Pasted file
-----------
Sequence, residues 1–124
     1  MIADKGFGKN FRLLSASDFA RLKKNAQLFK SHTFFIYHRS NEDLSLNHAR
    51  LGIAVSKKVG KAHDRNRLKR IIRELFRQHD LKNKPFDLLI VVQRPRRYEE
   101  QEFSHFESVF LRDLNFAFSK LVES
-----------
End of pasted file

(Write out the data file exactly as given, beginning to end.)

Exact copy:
Sequence, residues 1–124
     1  MIADKGFGKN FRLLSASDFA RLKKNAQLFK SHTFFIYHRS NEDLSLNHAR
    51  LGIAVSKKVG KAHDRNRLKR IIRELFRQHD LKNKPFDLLI VVQRPRRYEE
   101  QEFSHFESVF LRDLNFAFSK LVES